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Re: Non-linear full-2d writing (again)

From:tomhchappell <tomhchappell@...>
Date:Saturday, January 28, 2006, 19:34
--- In, Sai Emrys <sai@S...> wrote:
>[snip] >Two good tests are branching factor and recursivity. If it can't to >both to arbitrary degrees, it's not what I'm talking about.
Would flow-charts and logic-tables, then, be among examples of fully- two-dimensional non-linear writing systems? If not both flow-charts and logic-tables, then, one or the other? Admittedly the set of semantic relationships they can represent is limited compared to the entire set of semantic relationships available in natlangs; but, it appears to me, they do represent those which they represent, in a fully-two-dimensional non-linear way. (Note: If there is a requirement that lines do not cross, a two- dimensional flowchart does have some restrictions on branching and recursion (they can be unrestricted locally, but there are some global restrictions on interactions). In particular one cannot have six items A,B,C,D,E,F which can occur sequentially but which also can occur in at least one each of the three following pairs; Either A can be followed by D, or D can be followed by A; AND, Either B can be followed by E, or E can be followed by B; AND, Either C can be followed by F, or F can be followed by C.)
>[snip] >If you are thinking of e.g. Choose Your Own Adventure books, those >are not nonlinear at all; they are merely branching >(or 'customized') linear. (Viz: the scene in /The Princess Bride/ >where the kid corrects the grandfather and says how the story is >obviously *supposed* to go - the story would still be linear either >way, it's just a change in how it turns out.) >Every one that I have seen is exclusively intended to have one path >*at a time* that is possible; attempting to keep track of the full >tree is extremely difficult. They definitely don't take advantage of >the actual structural net as an object in itself, which is what I >was imagining non-linear fiction (or poetry) would be like.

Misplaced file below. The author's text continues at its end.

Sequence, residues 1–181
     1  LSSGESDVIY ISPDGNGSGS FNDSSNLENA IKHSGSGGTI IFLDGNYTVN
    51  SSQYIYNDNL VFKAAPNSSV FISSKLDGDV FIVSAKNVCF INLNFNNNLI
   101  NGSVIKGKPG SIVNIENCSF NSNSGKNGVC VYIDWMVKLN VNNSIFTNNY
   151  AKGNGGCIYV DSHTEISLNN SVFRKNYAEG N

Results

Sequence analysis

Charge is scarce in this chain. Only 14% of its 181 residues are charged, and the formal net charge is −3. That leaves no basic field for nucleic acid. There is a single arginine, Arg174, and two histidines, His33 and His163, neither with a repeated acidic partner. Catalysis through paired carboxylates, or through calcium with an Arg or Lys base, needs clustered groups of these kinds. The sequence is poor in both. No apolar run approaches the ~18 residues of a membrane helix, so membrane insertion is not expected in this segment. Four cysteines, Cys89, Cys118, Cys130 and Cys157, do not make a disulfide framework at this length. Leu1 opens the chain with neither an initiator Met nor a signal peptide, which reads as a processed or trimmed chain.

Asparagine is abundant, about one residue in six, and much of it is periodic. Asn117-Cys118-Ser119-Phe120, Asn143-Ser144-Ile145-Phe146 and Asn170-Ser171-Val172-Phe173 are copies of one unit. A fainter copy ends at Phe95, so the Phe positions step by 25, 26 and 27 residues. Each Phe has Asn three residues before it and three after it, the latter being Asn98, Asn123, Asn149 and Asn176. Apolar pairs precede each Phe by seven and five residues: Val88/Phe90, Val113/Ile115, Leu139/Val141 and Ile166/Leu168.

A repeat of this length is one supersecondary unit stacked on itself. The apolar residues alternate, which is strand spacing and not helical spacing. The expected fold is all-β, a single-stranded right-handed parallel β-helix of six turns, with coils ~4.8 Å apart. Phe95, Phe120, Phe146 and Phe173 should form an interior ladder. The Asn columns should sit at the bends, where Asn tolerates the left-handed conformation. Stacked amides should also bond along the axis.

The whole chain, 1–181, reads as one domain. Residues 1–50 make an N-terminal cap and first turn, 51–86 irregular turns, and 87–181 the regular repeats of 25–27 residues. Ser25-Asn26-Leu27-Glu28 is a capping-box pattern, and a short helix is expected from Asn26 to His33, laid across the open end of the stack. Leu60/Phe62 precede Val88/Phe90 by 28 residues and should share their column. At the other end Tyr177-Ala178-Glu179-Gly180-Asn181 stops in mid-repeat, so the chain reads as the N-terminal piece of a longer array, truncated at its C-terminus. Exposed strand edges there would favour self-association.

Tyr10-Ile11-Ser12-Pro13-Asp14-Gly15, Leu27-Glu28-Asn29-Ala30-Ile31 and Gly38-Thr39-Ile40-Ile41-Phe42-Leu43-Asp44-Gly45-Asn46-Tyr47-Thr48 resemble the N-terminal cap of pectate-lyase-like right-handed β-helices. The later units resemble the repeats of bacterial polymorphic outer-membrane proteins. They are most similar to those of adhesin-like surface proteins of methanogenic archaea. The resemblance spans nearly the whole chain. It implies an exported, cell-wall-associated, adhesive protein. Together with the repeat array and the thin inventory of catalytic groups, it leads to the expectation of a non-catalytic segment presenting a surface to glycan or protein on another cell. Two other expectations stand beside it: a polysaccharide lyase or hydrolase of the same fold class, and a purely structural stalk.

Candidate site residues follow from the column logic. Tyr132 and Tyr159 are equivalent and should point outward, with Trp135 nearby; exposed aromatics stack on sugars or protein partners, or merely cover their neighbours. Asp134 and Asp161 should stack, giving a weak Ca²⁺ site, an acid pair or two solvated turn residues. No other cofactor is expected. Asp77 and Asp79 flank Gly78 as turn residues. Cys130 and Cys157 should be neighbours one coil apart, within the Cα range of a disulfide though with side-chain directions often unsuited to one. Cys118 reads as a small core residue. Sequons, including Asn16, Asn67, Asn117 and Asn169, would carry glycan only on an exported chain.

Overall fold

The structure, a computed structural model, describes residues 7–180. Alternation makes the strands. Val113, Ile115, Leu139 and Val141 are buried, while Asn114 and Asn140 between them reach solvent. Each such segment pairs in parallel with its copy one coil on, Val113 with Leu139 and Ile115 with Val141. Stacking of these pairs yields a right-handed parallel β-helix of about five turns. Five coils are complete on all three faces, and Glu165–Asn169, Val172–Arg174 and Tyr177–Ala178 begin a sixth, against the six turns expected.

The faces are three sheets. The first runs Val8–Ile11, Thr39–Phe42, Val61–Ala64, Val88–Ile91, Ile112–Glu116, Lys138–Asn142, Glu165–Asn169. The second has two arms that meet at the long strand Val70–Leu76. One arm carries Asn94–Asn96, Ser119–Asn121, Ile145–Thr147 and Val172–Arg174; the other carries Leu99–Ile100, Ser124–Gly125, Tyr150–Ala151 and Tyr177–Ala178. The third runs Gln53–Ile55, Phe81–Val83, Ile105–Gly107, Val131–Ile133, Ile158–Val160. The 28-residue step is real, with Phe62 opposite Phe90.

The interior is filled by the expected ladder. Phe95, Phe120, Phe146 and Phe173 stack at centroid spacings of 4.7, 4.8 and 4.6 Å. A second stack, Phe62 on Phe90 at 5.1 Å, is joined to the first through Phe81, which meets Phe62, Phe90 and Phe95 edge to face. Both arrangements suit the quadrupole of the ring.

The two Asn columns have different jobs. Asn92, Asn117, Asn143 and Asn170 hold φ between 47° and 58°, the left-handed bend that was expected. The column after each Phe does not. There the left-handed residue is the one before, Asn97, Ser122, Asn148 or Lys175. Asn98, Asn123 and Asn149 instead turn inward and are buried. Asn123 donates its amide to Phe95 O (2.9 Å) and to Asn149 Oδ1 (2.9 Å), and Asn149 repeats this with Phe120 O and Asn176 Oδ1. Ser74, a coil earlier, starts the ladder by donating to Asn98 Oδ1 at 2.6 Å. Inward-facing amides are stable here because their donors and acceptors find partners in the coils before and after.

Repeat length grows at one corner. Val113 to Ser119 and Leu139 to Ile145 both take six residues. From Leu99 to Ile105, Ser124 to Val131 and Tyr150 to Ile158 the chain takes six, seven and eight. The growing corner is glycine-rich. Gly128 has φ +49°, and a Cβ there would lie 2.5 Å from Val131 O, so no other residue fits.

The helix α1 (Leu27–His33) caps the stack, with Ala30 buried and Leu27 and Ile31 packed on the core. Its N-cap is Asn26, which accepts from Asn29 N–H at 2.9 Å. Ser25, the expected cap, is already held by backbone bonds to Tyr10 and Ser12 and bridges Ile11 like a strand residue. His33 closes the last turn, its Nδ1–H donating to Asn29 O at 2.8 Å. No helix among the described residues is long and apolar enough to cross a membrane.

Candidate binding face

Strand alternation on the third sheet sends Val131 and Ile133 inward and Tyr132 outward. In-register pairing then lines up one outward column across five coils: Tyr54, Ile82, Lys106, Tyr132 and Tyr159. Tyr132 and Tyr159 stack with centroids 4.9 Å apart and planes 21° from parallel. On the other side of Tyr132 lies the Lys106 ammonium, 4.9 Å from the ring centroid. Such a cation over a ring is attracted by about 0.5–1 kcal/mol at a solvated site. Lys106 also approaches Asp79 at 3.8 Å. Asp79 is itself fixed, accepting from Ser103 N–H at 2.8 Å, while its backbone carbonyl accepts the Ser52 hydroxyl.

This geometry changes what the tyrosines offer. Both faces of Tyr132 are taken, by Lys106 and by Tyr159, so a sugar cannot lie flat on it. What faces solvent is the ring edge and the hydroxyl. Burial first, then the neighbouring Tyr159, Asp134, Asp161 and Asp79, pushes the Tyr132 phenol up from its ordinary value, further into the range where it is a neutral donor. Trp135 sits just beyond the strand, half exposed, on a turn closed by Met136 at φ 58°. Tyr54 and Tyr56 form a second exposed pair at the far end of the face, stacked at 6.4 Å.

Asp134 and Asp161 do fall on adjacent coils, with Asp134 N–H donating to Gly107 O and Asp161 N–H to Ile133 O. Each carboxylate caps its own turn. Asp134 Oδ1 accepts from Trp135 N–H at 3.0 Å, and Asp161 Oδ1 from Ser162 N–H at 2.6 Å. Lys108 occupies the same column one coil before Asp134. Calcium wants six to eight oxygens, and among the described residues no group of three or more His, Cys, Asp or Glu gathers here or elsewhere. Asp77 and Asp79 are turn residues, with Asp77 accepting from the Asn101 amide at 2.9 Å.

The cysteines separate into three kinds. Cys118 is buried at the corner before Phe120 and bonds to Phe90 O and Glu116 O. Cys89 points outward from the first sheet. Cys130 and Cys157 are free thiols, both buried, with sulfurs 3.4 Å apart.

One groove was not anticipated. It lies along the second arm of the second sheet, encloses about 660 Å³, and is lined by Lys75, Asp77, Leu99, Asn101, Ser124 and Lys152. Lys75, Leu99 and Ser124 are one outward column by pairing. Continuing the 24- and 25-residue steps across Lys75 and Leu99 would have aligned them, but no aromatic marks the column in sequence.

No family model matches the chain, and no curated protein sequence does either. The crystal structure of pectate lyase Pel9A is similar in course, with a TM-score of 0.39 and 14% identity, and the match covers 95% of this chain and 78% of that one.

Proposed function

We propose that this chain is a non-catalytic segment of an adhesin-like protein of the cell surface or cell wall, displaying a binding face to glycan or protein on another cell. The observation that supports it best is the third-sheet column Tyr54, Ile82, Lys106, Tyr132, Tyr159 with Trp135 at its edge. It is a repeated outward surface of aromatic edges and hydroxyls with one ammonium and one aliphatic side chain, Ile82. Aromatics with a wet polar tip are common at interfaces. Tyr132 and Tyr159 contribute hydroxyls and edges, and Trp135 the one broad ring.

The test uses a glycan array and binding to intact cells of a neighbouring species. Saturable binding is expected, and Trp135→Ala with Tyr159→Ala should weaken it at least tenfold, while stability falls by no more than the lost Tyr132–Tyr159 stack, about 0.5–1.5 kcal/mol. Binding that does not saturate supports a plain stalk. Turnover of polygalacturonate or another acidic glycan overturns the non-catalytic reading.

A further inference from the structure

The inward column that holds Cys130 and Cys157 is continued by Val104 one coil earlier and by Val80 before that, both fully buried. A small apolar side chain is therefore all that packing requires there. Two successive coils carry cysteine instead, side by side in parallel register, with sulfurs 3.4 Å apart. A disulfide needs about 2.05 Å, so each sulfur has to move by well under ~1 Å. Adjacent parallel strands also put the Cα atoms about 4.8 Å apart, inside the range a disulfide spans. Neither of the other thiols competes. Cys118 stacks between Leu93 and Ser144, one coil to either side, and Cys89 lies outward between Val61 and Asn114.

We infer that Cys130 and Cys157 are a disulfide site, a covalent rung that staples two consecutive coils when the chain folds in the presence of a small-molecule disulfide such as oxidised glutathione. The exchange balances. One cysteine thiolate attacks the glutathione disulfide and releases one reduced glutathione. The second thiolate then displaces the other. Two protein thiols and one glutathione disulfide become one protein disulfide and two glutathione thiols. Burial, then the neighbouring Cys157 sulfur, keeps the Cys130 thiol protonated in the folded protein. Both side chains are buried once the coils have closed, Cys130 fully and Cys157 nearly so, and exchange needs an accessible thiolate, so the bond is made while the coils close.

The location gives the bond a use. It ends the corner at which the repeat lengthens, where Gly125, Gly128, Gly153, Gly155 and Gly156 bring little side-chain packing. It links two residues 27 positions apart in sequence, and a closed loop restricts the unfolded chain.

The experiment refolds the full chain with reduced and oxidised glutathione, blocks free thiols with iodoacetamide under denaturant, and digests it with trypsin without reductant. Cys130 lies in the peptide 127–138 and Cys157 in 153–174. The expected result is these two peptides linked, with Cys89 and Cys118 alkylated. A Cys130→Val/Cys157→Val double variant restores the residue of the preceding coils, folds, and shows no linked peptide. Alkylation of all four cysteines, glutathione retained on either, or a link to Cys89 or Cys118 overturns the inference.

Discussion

How about Mozart's "Musical Dice Game"* (Musikalisches Würfelspiel), a 16-measure minuet in which 14 of the 16 measures can be "filled in" in any of 11 different ways, all of which "sound good (musical)" regardless of what other choices have been made? It's true that it can't be "pronounced" (played) more than one way _at_ _a_ _time_; but didn't Mozart intend it to be _read_ all-ways-at-once? Because there are, obviously, about 1,518,999,334,332,960 (1.518999 * 10^15) ways to _listen_ to it; even if everybody in the world listened to a disjoint set of one-hundred-thousand of them, that would cover only about two-thirds of them. *,,EXP1237_NAV2- 95_SAR1238,00.shtml "For each of the 16 bars of a Viennese minuet, the Musical Dice Game offers 2 choices for the eighth and sixteenth bars, and 11 choices for each of the other 14 bars. Using a pair of dice to select randomly among the alternatives for each bar, the player can generate a wide variety of different melodies. The choices for each bar are designed in such a way that no matter which combination of bars you end up with, the result is a pleasing melody that satisfies all the harmonic and compositional requirements of a Viennese minuet of the late 1700's." * "There are 176 possible Minuet measures and 96 possible Trio measures to choose from. The result of a dice roll is looked up in a table of rules to determine which measure to play. Two six-sided dice are used to determine each of the 16 Minuet measures (i.e. 11 possibilities for each of 16 measures). One six- sided die is used to determine each of the 16 Trio measures (i.e. 6 possibilities for each of 16 measures). So in theory, there are (11^16) * (6^16) = (1.3 * (10^29)) possible compositions."
> [snip]
--- Thanks, Sai; thanks also, Yahya. I've enjoyed reading your posts. Tom H.C. in MI


Sai Emrys <sai@...>